oppoistion eventually accepted his election as reflective of the will of Rwandans. However, the opposition leader called on Kagame to "accept what he has promised, to give peace to Rwanda, to accept freedom of speech and association and also to accept democracy."

However, the most persistent allegations surrounding Kagame concern the 6 April 1994 assassination of then Rwandan dictator Juvenal Habyiramana, the event which set in motion the pre-planned genocide (any doubts that the genocide was pre-planned were removed by the admission of Jean Kabanda, Rwandan prime minister during the genocide).

The shooting down of the plane carrying Habyiramana and the Burundian leader has been a subject of fierce speculation ever since it occurred. One theory is that the plane was shot down by extremists within the regime furious that Habyiramana had agreed to power sharing with the RPF. According to the theory, the pre-planned genocide needed a pretext to set it in motion. The assassination of the dictator was the perfect excuse to feed the anti-Tutsi paranoia the extremists needed to incite mass genocide.

The other theory is that the downing of the plane was ordered by the RPF. In fact, a long French police investigation concluded that Kagame himself gave direct orders for the plane to be shot down. The investigation's conclusion was reportedly based on interviews with hundreds of witnesses, including one man who allegedly belonged to the assassination squad. This theory claims that Kagame knew the assassination would trigger mass reprisals against Rwanda's DOMESTIC Tutsi population but was willing to "sacrifice" that population since the RPF members and their families primarily came from the community of Tutsi EXILES in Uganda. This is a fairly severe allegation.

Personally, I consider this allegation unlikely but not inconceivable. Yet, I might be more willing to believe an inquiry conducted by authorities from a country that was not chummy with the genocidal regime overthrown by Kagame's forces.

Not surprisingly, the Rwandan government denied French allegations as "fantasy."

Kagame replied with equally grave allegations of his own. It had been previously believed that the French government was merely negligent in not exerting more influence on its client regime to stop the massacres. But Kagame went much further. While acknowledging that Rwandans themselves bore primarily responsibility for the genocide, he repeated accusations that France had trained and armed the Hutu militias who carried out the mass killings.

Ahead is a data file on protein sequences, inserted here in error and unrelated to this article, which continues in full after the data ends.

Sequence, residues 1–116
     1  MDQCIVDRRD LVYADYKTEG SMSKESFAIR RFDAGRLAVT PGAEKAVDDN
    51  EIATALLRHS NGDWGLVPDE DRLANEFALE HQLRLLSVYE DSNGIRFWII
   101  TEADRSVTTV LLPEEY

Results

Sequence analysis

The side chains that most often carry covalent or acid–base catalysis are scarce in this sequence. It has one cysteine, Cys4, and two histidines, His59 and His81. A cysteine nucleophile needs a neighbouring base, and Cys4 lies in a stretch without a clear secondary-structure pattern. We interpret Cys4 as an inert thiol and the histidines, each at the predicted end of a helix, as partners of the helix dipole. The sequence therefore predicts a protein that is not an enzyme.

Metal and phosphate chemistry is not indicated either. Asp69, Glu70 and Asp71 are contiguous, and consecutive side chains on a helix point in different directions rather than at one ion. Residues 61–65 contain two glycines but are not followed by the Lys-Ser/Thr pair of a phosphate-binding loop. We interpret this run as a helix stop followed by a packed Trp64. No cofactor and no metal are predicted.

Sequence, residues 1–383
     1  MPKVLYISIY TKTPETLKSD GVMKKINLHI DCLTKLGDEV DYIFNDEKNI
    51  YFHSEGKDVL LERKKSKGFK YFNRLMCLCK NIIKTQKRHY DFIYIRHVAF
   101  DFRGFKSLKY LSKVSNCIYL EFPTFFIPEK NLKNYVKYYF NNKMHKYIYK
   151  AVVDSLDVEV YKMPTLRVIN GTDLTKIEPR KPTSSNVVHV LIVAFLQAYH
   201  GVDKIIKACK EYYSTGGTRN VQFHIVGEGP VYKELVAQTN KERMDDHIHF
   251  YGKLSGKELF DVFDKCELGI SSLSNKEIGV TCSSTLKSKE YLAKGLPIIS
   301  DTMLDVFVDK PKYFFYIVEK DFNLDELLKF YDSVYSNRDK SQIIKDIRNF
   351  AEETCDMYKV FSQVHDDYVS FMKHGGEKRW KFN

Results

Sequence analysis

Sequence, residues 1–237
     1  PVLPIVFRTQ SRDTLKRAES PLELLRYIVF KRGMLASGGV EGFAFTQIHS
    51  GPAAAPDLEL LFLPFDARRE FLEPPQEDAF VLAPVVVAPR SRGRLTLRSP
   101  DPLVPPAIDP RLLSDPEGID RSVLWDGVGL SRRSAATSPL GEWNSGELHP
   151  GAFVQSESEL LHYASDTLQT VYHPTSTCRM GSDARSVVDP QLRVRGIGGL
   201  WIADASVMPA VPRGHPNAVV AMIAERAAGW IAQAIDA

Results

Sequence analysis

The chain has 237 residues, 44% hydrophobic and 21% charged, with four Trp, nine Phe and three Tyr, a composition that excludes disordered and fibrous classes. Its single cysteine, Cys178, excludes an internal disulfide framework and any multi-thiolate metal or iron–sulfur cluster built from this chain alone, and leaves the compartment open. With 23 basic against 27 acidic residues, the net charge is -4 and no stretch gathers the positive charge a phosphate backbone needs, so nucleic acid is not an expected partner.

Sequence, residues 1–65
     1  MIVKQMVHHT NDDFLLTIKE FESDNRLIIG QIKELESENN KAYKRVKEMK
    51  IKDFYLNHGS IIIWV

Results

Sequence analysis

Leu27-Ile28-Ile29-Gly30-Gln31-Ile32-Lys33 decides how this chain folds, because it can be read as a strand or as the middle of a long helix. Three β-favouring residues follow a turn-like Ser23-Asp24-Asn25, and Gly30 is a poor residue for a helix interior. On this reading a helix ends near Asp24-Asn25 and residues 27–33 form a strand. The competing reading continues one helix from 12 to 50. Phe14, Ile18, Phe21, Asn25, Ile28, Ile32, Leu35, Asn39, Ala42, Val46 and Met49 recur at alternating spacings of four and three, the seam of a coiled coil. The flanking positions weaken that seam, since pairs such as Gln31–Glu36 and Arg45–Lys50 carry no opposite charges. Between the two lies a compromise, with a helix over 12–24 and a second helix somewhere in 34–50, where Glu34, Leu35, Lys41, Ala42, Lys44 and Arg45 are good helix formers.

It had been widely known that the French had trained those who would eventually commit the genocide. Kagame's accusations go much further: France KNEW they were going to commit the genocide, according to the Rwandan president. "They (France) knowingly trained and armed the government soldiers and militias who were going to commit genocide and they knew they were going to commit genocide," he is quoted by Reuters.

A French junior minister strenuously denied the allegation as "unacceptable, humiliating and lying."

Suffice it to say, relations between Rwanda and France are not presently very warm.

The RPF's refusal to cooperate with the international tribunal in Arusha is a black mark against Kagame. The government legitimately complained that the Arusha Tribunal was slow and inefficient. The UN has tried dilligently to address those concerns, but RPF stonewalling continues. It is widely believed that Kigali is afraid of RPF members being before the Arusha Tribunal, possibly even President Paul Kagame himself. The RPF is suspected of having committed war crimes as well, but none have been tried either in Arusha or before domestic tribunals.

This wall of silence is perhaps the most serious threat to national reconciliation in Rwanda. The government may speak the words of reconciliation but until their actions match the words, it will not happen. The government must recognize that Hutus were victims of atrocities as well. It can claim that its overall fight against the genociders was morally right while still acknowledging that some of its forces occassionally acted beyond the bounds of what is acceptable. The government can say that although spontaneous war crimes are not morally equivalent to systematic genocide, both should be punished appropriately. By doing so, the RPF would send two important messages. Firstly, that the decades-long tradition of impunity was no longer. Secondly, that both sides' suffering must be recognized and must be part of the discussion.

The rest of the world has given the Kagame government a ton of leeway in the last ten years. It's time for the rest of the world to move beyond its paralysis by guilt and start nudging Kagame to act in a responsible manner consistent with his government's professed goals. International reaction may go a long way in determining whether Rwanda goes the way of Mandela's South Africa or Mugabe's Zimbabwe.


Tommorrow: conclusions.

Recommended reading: Human Rights Watch and Amnesty International dossiers on the Rwandan government's human rights' record.